- Make sure you know exactly what will be tested (content, grammar, theories, etc., language)
- Try calling a classmate, friend or family member to try out that everything works, e.g. your microphone and speakers or your headset
- Practice presetting and speaking in front of other people before your oral exam, e.g. video-call classmates or friends to become more confident about how you sound, look and how it feels to speak through the microphone and in front of the camera
- Set out what you want to wear during the online exam, it will be one less thing to worry about on the day
- Allow enough time to prepare for the oral exam – just because it is online, does not mean it is less work
- Alert your family member or housemates to the fact that you will have to recording an important exam and ask them to not disturb you during this time
- Scout out a quiet place in your house where you can take the call / video call from your examiners
- Perhaps discuss or inquire about alternatives if the internet could cause issues and ask your department what happens in that scenario, could you continue via phone or make another appointment?
- If you are given a task to prepare in advance, e.g. a text: brainstorm ideas, answer potential questions, write down notes, practice words or grammatical constructions that are hard to say and double-check your grammar and spelling
- Similar to an in-person exam, make sure that you listen to what the examiners are saying and asking you, perhaps take notes when they are asking you questions
- Don’t be afraid to ask for clarification or to alert the examiners when you did not understand or could not hear them (e.g. due to technical or internet issues)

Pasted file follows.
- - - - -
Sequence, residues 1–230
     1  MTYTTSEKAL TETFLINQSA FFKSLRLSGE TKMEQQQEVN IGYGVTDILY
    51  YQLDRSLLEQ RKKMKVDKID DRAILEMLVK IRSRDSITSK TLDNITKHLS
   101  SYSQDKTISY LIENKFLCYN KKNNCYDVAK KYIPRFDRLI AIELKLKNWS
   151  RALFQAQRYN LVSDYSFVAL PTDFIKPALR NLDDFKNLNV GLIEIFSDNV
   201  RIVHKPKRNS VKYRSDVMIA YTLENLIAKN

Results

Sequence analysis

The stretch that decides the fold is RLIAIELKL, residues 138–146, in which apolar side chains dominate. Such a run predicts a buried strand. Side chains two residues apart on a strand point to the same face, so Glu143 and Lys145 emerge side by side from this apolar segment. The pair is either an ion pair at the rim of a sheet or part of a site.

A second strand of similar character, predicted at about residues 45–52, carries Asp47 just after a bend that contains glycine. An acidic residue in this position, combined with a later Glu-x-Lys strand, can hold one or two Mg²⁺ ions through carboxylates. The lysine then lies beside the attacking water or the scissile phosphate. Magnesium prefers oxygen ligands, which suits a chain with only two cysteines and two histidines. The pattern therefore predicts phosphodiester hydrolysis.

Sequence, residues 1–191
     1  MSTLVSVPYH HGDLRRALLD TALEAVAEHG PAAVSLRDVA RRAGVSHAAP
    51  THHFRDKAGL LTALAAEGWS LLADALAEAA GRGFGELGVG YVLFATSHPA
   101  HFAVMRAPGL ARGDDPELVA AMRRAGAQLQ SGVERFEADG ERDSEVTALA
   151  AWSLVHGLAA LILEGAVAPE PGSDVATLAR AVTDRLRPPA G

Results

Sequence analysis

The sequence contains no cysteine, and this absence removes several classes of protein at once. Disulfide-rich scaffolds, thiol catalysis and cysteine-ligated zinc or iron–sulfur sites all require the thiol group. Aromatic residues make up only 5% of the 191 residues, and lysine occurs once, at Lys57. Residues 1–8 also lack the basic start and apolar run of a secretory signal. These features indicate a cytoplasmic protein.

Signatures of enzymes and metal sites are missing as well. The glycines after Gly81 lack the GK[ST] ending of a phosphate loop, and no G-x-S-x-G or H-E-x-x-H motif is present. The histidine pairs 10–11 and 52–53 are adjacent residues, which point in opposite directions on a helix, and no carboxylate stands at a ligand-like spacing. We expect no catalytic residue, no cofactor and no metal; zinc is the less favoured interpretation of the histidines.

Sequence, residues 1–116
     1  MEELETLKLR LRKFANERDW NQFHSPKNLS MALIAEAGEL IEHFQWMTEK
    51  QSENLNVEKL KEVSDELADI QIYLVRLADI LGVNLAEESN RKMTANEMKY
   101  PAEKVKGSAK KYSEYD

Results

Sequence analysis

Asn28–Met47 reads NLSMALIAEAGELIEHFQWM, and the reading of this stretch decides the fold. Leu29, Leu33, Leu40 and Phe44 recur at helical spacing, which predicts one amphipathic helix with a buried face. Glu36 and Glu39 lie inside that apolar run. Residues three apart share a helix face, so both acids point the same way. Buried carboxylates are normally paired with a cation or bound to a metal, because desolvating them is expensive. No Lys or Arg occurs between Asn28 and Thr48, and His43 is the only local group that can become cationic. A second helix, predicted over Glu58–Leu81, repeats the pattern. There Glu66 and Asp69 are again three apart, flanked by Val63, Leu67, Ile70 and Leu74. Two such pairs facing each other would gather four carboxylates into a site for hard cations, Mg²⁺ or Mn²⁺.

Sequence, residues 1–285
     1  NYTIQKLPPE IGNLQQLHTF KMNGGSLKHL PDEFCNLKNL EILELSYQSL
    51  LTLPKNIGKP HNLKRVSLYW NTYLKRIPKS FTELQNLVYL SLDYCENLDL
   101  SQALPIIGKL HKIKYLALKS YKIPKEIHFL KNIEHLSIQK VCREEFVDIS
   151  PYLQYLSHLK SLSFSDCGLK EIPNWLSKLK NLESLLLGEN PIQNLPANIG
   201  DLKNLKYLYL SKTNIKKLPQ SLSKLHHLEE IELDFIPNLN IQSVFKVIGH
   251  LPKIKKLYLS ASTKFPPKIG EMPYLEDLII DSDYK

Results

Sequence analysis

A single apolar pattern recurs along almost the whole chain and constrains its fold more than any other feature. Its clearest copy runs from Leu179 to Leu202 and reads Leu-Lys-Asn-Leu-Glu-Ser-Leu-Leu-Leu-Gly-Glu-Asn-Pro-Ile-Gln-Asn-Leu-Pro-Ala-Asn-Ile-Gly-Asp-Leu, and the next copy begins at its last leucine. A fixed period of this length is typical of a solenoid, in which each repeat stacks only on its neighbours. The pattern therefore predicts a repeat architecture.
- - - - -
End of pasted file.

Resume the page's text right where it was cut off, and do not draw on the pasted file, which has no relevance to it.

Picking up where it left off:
- Remember: it is OK to be nervous; examiners know this, and they will try and help you feel to feel comfortable in this challenging situation and your nerves will calm down after a few minutes
- Before the oral exam, make sure to have a bottle of water nearby and have a bite to eat in advance so you are not hungry during the exam
- Remember: these are unprecedented times and there will be no academic disadvantage for you as a student because of this situation
- Take a deep breath, smile and speak with confidence, you have practiced this, you’ve got this!
Your exam will be submitted through Turnitin, therefore all normal procedures regarding plagiarism must be observed. Remember also that collusion – cooperating with other people during the exam - is a form of plagiarism. Self-plagiarism – where you resubmit work previously marked – is also a form of plagiarism. All forms of plagiarism is considered to be serious academic misconduct. All suspected forms of plagiarism will be subject to procedures as laid out in the UCC Plagiarism Policy.
Exam related videos from the 'Gimme Two Minutes' series!
The Skills Centre 'Gimme Two Minutes' video series, available for viewing on YouTube, focuses on very basic concepts related to the academic writing and preparation skills, delivered by the University College Cork Skills Centre in a short and visual format. These videos can be used as self-learning tools and give you a taste of what sessions and workshops the Skills Centre offers to UCC students.
Useful videos from the 'Minute Methods' video series
This series is brought to you by the Skills Centre Avatars Joey, Millie, Steve and Eunice. The avatars have spent time with the Skills Centre tutors to create short snappy videos that will help you to develop good study habits and academic writing etiquette, all in just one minute.